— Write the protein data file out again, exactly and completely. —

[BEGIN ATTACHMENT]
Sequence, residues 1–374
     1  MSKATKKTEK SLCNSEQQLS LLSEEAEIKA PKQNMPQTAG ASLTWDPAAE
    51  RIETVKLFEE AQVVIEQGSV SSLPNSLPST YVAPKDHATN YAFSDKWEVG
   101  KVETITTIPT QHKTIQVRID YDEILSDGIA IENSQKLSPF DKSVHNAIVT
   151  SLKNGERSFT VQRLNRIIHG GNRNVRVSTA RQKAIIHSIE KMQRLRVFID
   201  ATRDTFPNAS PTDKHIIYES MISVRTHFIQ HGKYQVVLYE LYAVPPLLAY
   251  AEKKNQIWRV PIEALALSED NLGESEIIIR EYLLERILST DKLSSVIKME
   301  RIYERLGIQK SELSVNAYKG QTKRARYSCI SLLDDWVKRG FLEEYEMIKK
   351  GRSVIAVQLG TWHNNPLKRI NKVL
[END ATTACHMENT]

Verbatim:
Sequence, residues 1–374
     1  MSKATKKTEK SLCNSEQQLS LLSEEAEIKA PKQNMPQTAG ASLTWDPAAE
    51  RIETVKLFEE AQVVIEQGSV SSLPNSLPST YVAPKDHATN YAFSDKWEVG
   101  KVETITTIPT QHKTIQVRID YDEILSDGIA IENSQKLSPF DKSVHNAIVT
   151  SLKNGERSFT VQRLNRIIHG GNRNVRVSTA RQKAIIHSIE KMQRLRVFID
   201  ATRDTFPNAS PTDKHIIYES MISVRTHFIQ HGKYQVVLYE LYAVPPLLAY
   251  AEKKNQIWRV PIEALALSED NLGESEIIIR EYLLERILST DKLSSVIKME
   301  RIYERLGIQK SELSVNAYKG QTKRARYSCI SLLDDWVKRG FLEEYEMIKK
   351  GRSVIAVQLG TWHNNPLKRI NKVL